These snapshots are supposed to replace some very old pictures on my site.

The uncertainty of Simmons value performance

Wednesday, June 16th, 2010

During the last month I had to swallow more than once when I noticed certain Ebay prices. In most cases the auctions seemed pretty high-price to me, but sometimes also very low. For almost 7 years I have followed quite all international Simmons auctions, basically to complete my collection, but also because of personal interest. For sure the prices depend on more than the actual gear that is to be sold: When does the auction end? Pick-up only? (Inter-)national shipping? Shipping costs? The seller’s feedback? The seller’s origin country? To be honest, I am still glad that I invested my money in Simmons synthesizers rather than in stocks although not every piece of my collection has been a real bargain. I talked to an editor of a recording magazine who proved that thesis. He owns some rarities like vintage Moogs’n stuff. He told me that all of his vintage gear that he bought 10 years ago has a double value today.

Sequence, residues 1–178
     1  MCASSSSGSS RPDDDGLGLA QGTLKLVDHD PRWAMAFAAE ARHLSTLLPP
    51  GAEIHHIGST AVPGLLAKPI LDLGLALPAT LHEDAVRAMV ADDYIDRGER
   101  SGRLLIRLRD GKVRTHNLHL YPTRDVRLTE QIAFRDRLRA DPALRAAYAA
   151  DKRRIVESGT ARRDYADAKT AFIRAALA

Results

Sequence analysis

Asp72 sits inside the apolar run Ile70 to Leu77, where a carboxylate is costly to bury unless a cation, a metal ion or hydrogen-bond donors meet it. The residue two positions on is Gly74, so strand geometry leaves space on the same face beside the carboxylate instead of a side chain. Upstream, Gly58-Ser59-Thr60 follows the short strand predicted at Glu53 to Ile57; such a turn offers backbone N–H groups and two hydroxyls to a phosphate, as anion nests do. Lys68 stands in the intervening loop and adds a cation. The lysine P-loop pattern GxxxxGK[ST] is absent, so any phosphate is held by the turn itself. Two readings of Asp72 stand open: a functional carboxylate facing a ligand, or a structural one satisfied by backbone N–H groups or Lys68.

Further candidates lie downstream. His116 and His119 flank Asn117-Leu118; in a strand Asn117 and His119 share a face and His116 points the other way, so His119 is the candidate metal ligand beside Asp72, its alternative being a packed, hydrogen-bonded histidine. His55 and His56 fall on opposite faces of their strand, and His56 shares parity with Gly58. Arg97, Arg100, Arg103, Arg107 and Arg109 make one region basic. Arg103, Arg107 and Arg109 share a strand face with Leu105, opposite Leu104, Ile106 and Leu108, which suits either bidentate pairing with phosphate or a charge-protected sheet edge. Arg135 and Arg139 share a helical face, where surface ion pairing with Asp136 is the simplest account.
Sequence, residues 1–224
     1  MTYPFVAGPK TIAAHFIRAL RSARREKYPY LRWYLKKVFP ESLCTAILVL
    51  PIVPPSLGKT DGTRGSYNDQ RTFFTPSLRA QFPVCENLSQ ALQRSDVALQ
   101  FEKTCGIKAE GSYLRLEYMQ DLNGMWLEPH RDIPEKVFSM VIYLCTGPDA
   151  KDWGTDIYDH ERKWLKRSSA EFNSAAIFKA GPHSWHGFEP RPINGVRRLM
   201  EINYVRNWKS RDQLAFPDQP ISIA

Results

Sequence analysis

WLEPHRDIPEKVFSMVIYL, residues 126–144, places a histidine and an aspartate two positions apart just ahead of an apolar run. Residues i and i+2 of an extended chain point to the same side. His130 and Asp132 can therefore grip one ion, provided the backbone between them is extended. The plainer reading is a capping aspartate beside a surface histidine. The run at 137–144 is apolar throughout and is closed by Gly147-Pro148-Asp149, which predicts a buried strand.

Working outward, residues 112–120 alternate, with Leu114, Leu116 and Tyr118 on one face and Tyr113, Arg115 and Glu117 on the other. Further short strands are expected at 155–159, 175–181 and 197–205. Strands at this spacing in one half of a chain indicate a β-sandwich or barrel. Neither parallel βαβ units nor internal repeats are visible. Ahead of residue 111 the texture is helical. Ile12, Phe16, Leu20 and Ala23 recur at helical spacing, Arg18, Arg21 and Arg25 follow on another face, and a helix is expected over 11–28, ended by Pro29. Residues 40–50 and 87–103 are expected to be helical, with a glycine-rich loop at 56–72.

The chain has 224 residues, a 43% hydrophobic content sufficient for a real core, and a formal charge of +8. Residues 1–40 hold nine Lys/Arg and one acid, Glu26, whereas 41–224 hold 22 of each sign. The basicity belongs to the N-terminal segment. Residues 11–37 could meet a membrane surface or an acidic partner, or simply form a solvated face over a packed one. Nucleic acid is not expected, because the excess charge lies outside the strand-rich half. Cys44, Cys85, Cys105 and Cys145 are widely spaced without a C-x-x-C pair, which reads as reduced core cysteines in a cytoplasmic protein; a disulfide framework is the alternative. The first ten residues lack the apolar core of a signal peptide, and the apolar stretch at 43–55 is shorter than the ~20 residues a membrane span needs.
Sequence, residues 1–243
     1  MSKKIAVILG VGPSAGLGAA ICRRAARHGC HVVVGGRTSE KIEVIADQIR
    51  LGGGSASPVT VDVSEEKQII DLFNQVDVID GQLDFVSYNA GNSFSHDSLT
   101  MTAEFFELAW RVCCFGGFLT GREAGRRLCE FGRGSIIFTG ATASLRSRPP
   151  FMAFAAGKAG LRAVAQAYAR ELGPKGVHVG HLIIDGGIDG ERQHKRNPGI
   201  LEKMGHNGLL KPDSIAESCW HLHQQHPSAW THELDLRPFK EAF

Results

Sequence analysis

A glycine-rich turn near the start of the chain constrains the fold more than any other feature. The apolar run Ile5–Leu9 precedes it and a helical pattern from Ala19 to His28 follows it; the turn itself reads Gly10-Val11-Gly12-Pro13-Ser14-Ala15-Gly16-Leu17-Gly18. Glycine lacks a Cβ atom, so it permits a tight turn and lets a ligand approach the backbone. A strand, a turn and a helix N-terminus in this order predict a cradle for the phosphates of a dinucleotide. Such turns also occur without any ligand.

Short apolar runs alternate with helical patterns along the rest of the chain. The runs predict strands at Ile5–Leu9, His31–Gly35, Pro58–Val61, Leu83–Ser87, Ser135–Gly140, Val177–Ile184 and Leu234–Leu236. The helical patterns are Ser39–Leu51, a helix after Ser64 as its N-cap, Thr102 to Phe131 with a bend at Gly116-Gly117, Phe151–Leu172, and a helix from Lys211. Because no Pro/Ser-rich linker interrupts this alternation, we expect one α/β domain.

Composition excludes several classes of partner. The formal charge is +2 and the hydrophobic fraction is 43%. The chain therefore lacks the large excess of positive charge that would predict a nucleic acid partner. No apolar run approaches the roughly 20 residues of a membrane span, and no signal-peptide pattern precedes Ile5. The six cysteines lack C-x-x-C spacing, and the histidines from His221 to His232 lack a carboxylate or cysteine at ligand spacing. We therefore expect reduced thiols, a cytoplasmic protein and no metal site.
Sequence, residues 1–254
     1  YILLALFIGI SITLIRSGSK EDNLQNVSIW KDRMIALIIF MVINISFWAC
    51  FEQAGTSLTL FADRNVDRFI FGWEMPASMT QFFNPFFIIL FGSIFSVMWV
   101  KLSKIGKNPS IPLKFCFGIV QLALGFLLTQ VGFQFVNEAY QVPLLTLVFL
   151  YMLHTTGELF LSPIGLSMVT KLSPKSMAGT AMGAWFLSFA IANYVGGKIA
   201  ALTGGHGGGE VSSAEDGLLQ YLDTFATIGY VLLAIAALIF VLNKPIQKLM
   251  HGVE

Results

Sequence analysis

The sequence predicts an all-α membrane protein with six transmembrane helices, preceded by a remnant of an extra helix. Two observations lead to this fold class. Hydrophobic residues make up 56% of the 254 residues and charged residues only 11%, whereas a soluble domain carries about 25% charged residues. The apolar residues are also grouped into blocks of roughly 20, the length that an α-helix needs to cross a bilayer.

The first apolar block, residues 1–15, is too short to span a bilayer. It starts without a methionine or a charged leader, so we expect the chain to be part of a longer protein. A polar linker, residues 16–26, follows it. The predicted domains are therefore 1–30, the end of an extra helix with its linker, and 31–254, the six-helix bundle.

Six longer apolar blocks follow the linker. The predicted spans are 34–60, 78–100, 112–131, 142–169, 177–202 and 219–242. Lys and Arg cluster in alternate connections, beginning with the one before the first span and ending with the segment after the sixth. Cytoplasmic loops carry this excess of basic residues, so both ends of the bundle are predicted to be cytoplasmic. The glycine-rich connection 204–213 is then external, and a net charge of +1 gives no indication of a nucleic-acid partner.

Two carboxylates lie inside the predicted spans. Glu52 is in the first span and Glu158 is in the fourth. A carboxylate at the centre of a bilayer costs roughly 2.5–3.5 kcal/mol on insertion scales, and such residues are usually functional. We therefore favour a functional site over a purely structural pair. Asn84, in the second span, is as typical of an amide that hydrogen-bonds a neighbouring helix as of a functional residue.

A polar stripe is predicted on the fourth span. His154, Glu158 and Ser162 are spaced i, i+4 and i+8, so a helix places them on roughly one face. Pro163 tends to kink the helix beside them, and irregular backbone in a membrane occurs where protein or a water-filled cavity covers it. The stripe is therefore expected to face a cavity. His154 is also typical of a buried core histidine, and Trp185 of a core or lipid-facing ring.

Anyway I decided to start tracking all these auctions from now on to give people an idea about the actual current value of gear or it’s value development and progress. Further more it will be possible to measure the number of appearances of a certain item over the time.
I remember the period when SDSV consoles appeared in average only once a quarter year. But during the last 6 weeks I have seen 5 of them! Very strange.
I am confident that tracking these auctions will at least answer my question when it’s time to start drawing my pension.

The evolution of the SDSV pads

Thursday, May 6th, 2010

The idea of hexagonal shaped pads was probably the vital key why electronic drums could be established on the market and the media … until today and in the future. Particularly the mother of all subsequent Simmons pads, the SDSV pads had passed several evolution stages. What some might not know: The very first hex pads ever built, in a quantity of about 20 kits, had been made of wood. I was lucky to get one of these mammoths:

That’s what the Complete Simmons Drum Book says:

… In the beginning these pads were cut out of two pieces of Rockboard (a very dense chipboard), and sandwiched together with a loudspeaker in between … The speakers they used as pickups proved themselves to be unreliable, so after a while were replaced by Piezo buzzers … From the embrionic stage, the pads advanced very rapidly…